For my own good where I try to drop Twenty years, eating figs in the pantry Blinded by each and all Of the eye-catching cans that gladly have caught my wife's eye Until I cannot say Where the screwdriver is where the children Get off the bus where the new Scoutmaster lives where the fly Hones his front legs where the hammock folds Its erotic daydreams where the Sunday School text for the day has been put where the fire Wood is where the payments For everything under the sun Pile peacefully up,

But in this half-paid-for pantry Among the red lids that screw off With an easy half-twist to the left And the long drawers crammed with dim spoons,
I still have charge — secret charge —
Of the fire developed to cling To everything: to golf carts and fingernail Scissors as yet unborn tennis shoes Grocery baskets toy fire engines New Buicks stalled by the half-moon Shining at midnight on crossroads green paint Of jolly garden tools red Christmas ribbons:

Not atoms, these, but glue inspired By love of country to burn,
The apotheosis of gelatin.

Behind me having risen the Southern Cross Set up by chaplains in the Ryukyus —

Orion, Scorpio, the immortal silver Like the myths of kinginsects at swarming time —
One mosquito, dead drunk On altitude, drones on, far under the engines,
And bites between The oxygen mask and the eye.
The enemy-colored skin of families Determines to hold its color In sleep, as my hand turns whiter Than ever, clutching the toggle —
The ship shakes bucks Fire hangs not yet fire In the air above Beppu For I am fulfilling

An 'anti-morale' raid upon it.
All leashes of dogs Break under the first bomb, around those In bed, or late in the public baths: around those Who inch forward on their hands Into medicinal waters.
Their heads come up with a roar Of Chicago fire:
Come up with the carp pond showing The bathhouse upside down,
Standing stiller to show it more As I sail artistically over The resort town followed by farms,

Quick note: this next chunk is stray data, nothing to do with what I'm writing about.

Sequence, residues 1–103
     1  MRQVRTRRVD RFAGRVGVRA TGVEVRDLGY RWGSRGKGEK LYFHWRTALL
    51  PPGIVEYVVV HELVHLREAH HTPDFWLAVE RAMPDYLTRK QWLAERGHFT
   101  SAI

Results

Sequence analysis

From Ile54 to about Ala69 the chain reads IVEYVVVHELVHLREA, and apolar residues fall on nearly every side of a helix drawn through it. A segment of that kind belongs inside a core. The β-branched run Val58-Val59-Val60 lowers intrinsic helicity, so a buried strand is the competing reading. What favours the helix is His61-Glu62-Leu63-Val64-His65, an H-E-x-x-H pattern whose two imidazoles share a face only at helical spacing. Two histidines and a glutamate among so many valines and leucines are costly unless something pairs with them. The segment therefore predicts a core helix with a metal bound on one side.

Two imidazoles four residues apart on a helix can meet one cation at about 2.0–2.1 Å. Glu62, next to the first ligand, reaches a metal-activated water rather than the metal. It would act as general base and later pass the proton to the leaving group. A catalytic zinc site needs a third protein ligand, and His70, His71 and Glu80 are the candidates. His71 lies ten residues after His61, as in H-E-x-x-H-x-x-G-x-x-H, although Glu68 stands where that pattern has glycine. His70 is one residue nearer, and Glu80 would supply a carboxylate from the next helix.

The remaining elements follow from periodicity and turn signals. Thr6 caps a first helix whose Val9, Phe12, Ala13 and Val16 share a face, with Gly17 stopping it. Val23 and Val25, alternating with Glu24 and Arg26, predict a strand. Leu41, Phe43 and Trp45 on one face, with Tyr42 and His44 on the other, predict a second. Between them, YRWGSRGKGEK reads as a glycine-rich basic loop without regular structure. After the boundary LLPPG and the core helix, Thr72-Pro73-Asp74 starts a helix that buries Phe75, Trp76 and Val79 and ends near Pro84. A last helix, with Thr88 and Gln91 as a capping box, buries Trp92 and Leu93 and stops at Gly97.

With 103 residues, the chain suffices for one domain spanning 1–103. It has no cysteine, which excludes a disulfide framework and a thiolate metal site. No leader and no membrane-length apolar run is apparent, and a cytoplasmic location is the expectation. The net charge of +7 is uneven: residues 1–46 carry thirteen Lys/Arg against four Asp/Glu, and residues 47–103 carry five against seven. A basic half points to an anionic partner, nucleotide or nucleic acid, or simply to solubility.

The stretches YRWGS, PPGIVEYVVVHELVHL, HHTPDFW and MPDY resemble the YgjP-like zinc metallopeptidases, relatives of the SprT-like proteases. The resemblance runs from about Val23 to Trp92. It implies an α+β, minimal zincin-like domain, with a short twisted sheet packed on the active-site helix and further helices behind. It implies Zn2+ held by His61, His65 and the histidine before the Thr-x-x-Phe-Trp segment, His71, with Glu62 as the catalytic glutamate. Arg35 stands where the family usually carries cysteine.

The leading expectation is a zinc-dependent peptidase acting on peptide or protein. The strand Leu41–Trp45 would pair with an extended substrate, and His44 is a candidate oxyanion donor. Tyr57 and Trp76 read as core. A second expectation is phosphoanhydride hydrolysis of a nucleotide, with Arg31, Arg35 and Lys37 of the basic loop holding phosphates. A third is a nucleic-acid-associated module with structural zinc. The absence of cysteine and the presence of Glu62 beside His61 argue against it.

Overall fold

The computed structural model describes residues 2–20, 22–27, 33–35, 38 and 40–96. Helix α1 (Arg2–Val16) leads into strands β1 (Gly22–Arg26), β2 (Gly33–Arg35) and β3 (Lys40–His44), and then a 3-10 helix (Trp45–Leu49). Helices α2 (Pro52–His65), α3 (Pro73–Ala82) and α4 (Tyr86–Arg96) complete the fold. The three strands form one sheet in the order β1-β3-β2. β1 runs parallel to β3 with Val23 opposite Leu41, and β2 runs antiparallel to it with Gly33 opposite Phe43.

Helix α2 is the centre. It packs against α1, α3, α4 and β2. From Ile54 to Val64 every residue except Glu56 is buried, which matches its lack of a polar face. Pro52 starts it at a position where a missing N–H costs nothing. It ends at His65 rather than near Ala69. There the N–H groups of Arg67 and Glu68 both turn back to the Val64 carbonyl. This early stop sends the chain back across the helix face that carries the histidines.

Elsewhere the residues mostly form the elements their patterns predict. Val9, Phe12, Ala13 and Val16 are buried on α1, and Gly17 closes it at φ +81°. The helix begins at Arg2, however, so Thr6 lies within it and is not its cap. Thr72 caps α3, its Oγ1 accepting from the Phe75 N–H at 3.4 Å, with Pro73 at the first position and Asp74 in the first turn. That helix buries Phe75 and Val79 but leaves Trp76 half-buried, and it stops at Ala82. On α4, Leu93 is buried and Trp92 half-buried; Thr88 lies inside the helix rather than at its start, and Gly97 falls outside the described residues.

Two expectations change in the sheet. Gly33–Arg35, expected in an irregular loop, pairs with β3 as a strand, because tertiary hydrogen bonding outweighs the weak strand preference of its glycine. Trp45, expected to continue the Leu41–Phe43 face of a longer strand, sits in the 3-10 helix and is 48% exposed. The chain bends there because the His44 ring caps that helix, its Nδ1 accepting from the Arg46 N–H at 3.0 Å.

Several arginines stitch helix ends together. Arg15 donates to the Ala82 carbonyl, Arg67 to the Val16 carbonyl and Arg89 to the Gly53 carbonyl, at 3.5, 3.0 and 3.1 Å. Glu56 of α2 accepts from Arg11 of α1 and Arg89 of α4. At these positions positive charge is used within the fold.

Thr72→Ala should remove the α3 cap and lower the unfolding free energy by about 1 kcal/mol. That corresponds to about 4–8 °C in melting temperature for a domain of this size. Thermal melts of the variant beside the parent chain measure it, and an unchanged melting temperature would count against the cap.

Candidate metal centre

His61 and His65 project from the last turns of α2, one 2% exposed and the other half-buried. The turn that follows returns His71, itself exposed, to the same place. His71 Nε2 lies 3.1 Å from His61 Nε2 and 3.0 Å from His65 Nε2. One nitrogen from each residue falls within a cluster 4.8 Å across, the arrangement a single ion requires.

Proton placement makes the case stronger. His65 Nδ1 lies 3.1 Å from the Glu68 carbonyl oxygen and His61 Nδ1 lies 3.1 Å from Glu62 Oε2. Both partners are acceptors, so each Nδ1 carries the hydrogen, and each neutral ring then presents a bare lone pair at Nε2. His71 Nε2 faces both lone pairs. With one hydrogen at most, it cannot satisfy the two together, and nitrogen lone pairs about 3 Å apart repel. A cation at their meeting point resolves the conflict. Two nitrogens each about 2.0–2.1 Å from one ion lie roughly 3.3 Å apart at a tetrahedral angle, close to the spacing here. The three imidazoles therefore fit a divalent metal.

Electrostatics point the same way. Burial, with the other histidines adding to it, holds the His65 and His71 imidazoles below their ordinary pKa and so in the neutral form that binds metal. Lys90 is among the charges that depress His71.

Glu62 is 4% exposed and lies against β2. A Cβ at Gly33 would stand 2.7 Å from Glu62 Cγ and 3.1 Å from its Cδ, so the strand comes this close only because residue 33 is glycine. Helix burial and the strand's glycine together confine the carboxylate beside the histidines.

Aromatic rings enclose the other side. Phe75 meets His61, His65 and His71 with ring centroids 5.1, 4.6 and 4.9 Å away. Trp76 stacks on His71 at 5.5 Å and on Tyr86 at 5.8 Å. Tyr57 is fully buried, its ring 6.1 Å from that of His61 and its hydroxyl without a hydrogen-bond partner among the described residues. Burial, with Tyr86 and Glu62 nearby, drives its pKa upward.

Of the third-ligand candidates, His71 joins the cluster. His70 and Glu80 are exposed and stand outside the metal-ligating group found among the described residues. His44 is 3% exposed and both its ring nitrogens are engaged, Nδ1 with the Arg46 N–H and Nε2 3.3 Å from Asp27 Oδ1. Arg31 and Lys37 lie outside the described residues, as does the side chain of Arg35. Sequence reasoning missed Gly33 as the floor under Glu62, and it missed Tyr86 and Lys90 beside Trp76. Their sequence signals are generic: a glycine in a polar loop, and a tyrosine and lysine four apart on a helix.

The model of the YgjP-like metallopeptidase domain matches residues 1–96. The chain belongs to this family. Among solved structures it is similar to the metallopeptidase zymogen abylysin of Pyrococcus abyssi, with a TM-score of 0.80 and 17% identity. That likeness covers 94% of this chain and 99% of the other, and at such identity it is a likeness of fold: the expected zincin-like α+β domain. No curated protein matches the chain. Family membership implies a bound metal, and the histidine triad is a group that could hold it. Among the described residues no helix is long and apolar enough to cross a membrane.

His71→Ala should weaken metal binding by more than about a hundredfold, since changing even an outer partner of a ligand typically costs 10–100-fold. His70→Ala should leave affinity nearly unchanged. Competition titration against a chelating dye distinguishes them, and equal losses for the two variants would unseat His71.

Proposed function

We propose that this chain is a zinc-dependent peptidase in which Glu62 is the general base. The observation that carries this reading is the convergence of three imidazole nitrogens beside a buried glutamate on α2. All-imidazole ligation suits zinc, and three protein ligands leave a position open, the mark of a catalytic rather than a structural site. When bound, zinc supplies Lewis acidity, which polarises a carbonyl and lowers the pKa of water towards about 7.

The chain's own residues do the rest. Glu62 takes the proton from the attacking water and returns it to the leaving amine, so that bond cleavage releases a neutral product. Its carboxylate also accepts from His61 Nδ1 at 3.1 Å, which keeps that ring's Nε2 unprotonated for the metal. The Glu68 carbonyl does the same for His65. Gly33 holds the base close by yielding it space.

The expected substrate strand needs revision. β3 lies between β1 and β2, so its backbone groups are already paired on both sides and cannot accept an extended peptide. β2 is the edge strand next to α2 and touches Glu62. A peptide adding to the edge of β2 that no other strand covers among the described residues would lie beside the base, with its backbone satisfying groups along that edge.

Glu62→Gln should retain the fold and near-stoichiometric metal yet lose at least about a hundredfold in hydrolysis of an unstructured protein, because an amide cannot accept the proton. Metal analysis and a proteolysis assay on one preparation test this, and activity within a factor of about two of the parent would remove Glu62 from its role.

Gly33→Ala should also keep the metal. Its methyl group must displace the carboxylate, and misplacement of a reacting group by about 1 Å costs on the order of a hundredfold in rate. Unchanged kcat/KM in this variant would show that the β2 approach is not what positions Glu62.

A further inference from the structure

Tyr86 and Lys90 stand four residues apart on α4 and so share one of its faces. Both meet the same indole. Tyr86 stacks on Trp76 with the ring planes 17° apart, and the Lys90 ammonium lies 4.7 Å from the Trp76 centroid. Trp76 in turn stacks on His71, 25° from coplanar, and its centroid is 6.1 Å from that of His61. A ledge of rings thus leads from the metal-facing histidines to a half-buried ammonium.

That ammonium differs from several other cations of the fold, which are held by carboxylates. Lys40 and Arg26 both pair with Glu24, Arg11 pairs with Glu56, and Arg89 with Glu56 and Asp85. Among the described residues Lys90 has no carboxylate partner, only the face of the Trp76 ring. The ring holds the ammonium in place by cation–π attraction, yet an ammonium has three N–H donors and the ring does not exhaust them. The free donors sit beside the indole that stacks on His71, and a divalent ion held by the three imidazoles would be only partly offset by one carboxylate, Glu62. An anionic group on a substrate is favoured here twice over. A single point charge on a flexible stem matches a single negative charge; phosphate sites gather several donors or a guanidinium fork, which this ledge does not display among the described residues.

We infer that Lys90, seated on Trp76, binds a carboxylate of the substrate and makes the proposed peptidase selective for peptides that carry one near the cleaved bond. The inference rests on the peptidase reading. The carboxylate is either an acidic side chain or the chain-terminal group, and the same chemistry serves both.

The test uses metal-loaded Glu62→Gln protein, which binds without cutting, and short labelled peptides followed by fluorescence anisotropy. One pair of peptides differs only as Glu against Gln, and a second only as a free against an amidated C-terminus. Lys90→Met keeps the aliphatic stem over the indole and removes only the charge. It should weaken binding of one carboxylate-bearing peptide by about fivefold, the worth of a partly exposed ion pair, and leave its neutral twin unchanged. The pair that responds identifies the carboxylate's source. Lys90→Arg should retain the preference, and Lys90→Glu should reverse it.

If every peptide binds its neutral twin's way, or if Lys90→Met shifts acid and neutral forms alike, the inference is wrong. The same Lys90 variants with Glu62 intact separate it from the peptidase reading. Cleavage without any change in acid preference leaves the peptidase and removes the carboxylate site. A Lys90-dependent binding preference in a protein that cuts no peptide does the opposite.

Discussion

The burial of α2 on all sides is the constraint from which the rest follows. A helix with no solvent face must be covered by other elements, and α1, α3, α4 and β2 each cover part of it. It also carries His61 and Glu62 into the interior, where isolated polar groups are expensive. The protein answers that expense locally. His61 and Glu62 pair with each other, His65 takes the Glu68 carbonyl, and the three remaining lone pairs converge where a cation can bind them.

Singing and twisting All the handles in heaven kicking The small cattle off their feet In a red costly blast Flinging jelly over the walls

As in a chemical warfare field demonstration.
With fire of mine like a cat

Holding onto another man's walls,
My hat should crawl on my head In streetcars, thinking of it,
The fat on my body should pale.

Gun down The engines, the eight blades sighing For the moment when the roofs will connect Their flames, and make a town burning with all American fire.
  Reflections of houses catch;
Fire shuttles from pond to pond In every direction, till hundreds flash with one death.
With this in the dark of the mind,
Death will not be what it should;
Will not, even now, even when My exhaled face in the mirror Of bars, dilates in a cloud like Japan.
The death of children is ponds Shutter-flashing; responding mirrors; it climbs The terraces of hills Smaller and smaller, a mote of red dust At a hundred feet; at a hundred and one it goes out.
That is what should have got in To my eye

And shown the insides of houses, the low tables Catch fire from the floor mats,
Blaze up in gas around their heads Like a dream of suddenly growing

Too intense for war. Ah, under one's dark arms Something strange-scented falls — when those on earth Die, there is not even sound;
One is cool and enthralled in the cockpit,
Turned blue by the power of beauty,
In a pale treasure-hole of soft light Deep in aesthetic contemplation,
Seeing the ponds catch fire And cast it through ring after ring Of land: O death in the middle Of acres of inch-deep water! Useless

Firing small arms Speckles from the river Bank one ninety-millimeter Misses far down wrong petals gone

It is this detachment,
The honored aesthetic evil,
The greatest sense of power in one's life,
That must be shed in bars, or by whatever Means, by starvation Visions in well-stocked pantries:
The moment when the moon sails in between The tail-booms the rudders nod I swing Over directly over the heart The heart of the fire. A mosquito burns out on my cheek With the cold of my face there are the eyes In blue light bar light All masked but them the moon Crossing from left to right in the streams below Oriental fish form quickly In the chemical shine,
In their eyes one tiny seed

Of deranged, Old Testament light.

Letting go letting go The plane rises gently dark forms Glide off me long water pales In safe zones a new cry enters The voice box of chained family dogs

We buck leap over something Not there settle back Leave it leave it clinging and crying It consumes them in a hot Body-flash, old age or menopause Of children, clings and burns
  eating through And when a reed mat catches fire From me, it explodes through field after field Bearing its sleeper another

Bomb finds a home And clings to it like a child. And so